WISER also will recruit graduate and undergraduate students from underrepresented groups to increase minority participation in science and engineering and especially interdisciplinary collaborations and exposure to industry-academia partnerships.
Several faculty have already proposed WISER studies. Malaquias Peña, associate professor of civil and environmental engineering, is partnering with Zongjie Wang, assistant professor at the Eversource Energy Center on a project titled “Power System Optimization Designs to Spur Renewable Energy Sources Adoption in a Changing Climate.” In this study, the duo will develop an evaluation method of power management algorithms that could guarantee reliability, lowest costs, transparency, and flexibility in present and future climate change scenarios.
Robert Fahey, assistant professor of natural resources and the environment, is the PI on a proposal titled “Incorporating Dynamic Vegetation Structure and Tree Biomechanics into Outage Predication and Resilience Investment Modeling.” Fahey will explore how invasive pests and diseases are impacting forest health by weakening trees and their predicted associated damage to utility infrastructure under storm scenarios.
And Anagnostou himself will work with colleagues at UAlbany on a project titled “Effectively Integrating Disparate Operational Data Sources into Research, Products, or Action.” This group proposes building a visually-pleasing data management framework that concisely displays integrated meteorological and operational information to support utilities in making the most effective decisions.
Initially, Anagnostou hopes WISER will complete between eight and 12 projects a year, but he welcomes and encourages additional industry partners and UConn researchers to join WISER and collaborate on projects. The research teams also will recruit UConn students to assist with research and expose them to industry-academia partnerships.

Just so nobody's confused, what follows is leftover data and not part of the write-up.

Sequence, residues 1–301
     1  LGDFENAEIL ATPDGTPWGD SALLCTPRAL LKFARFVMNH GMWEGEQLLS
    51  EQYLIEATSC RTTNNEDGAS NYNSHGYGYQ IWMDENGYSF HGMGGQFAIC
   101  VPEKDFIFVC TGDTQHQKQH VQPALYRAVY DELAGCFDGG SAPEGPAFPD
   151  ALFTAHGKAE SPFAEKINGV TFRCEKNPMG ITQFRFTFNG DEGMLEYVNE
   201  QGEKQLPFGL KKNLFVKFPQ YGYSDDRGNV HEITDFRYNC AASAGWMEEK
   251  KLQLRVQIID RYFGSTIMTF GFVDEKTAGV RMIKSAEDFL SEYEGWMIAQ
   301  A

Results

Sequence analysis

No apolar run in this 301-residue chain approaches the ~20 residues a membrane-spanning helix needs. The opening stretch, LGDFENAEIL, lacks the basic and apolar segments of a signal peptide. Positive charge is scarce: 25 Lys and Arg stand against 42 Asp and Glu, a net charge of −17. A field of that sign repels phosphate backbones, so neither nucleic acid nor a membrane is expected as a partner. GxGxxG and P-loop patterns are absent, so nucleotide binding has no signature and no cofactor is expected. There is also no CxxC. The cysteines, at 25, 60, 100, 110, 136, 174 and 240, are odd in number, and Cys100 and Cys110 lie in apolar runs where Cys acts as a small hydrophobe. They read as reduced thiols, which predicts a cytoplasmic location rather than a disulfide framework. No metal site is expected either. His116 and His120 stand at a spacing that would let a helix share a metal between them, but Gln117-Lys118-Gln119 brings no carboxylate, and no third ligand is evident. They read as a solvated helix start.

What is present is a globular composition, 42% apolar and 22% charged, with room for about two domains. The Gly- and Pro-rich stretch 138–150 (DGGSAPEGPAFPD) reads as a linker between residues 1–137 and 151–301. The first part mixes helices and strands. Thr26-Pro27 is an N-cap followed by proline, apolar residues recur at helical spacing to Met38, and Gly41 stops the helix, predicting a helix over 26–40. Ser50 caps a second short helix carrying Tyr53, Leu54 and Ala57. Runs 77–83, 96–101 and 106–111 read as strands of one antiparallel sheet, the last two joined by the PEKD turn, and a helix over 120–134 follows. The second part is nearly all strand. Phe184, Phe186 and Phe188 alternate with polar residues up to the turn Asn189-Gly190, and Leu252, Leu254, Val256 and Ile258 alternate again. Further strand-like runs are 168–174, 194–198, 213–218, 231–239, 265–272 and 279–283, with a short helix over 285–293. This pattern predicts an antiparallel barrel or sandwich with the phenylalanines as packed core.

“We’re not committed to any number of proposals, and we’re always open to any new ideas that can be pushed forward,” he said.
The new center will be supported by a $750,000 NSF grant for each institution and a five-year, $3.7 million industry partnership membership fee. The NSF also awarded WISER with a $20,000 grant in 2022 that was used to host a WISER planning meeting at UAlbany with energy industry executives.
WISER is UConn’s fourth IUCRC to be funded by the NSF. The others include the Center for Novel High Voltage/Temperature Materials and Structures (HVT), the Center for Hardware and Embedded System Security and Trust (CHEST), and the Center for Science of Heterogenous Additive Printing of 3D Materials (SHAP3D).
“We’re thrilled to be the NSF’s latest IUCRC and look forward to working with our industry partners on innovating predictive systems and technologies for clean energy,” Anagnostou said. “We aim for a more reliable electric grid in the face of climate change, all while working toward a greener future.”